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Making the zero sum add up

In the upcoming SportBusiness report ‘Understanding the Sports Data Challenge,’ author Richard Gillis writes that much of the business of sports media and sponsorship is a zero-sum game in which if one party wins, the other loses. Game over, winner takes all. Over time this dictates inequalities in revenue and ultimately impacts on competitive balance and the overall quality – and probably value – of the product.

That’s not a universal truth of course. Leagues in the United States and elsewhere have recognised the value of central sales of key media and sponsorship rights and more or less equal distribution of this revenue to provide core revenues and – maverick owners not withstanding – provide a base level of stability. But, in general, it remains a dog-eat-dog business.

In his report Gillis – an award-winning author who, as a former managing partner at Cake, the Havas Sport and Entertainment agency, knows the industry from the inside – muses on whether it is time for the sports business across the board to  consider new ways of operating.

And counter-intuitive though it may appear in a sector where the product itself is built on intensity of competition and desire to be #1, he suggests that one of the ways to grow the value of the sports sector overall would be a move toward greater collaboration.

Specifically, his focus is in the area of data and the potential benefits of aggregation rather than ownership of data about sports fans. The power of Google, Facebook, Amazon et al lies in the vast reservoir of data they hold about their users. It’s what makes them the giants they are today, organisations whose commercial success and political influence go way beyond anything we have seen or experienced before.

Taken as a whole, sport has a vast number of ‘users’ worldwide but the data held about them is inevitably patchy and held in silos, and closely guarded by thousands of individual businesses. The question Gillis asks us to consider is how much more valuable the sports business would become if that data could be better standardised, integrated and aggregated. The suggestion is that it would be transformational, giving everybody a slice of a far bigger pie.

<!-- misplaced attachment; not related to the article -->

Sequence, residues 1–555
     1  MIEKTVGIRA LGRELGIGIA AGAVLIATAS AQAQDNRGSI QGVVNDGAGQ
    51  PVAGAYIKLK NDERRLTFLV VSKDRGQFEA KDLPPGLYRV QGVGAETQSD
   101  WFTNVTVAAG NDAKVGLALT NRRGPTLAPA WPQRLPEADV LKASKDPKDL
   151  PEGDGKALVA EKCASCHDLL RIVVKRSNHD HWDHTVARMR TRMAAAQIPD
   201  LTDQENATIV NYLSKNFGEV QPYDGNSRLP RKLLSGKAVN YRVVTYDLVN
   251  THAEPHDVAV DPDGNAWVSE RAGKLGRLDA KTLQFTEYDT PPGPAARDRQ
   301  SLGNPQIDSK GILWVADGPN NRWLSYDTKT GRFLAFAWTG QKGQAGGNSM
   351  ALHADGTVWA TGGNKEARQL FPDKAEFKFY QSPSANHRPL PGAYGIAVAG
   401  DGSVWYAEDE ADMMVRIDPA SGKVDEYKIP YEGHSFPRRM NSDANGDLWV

It’s a fascinating notion and one which would demand a significant cultural change among the owners of sports clubs and properties but the examples from the wider world of global commerce are there for all to see.

While widespread data sharing across sport is not something we’re going to see anytime soon, can the principle of collaboration rather than competition be applied in other areas to boost the value of sports businesses?

How about lower league football for example? Far from the bright lights and international television coverage afforded to the top tier is a whole world of often cash-strapped clubs whose sponsors inevitably tend to be local brands and businesses.

That’s fine when the team is playing at home in front of an audience which can relate to that sponsor. But when the team goes on the road, the space afforded to their local sponsor is, effectively, wasted. There is nothing for a logo or message to resonate with. Instead, why not pool sponsorship rights for visiting teams’ jerseys sop that they can be offered to a new category of sponsor – brands with a nationwide presence. The leagues won’t sell this deal on their behalf, but a collective approach could make all the difference and add significantly to the overall value of the club s’ sponsorship inventory.

Elsewhere perhaps clubs from different sports with similar fan demographics could integrate to create propositions where the overall value is significantly greater than the sum of its parts.

As Gillis and those who he interviewed for the report point out, while there are isolated examples of this type of co-operation and integration to be found around the world, it is certainly not commonplace. But as sport has to work ever harder to retain its share of consumer spend, maybe now is the time to embrace integration and co-operation in new ways.

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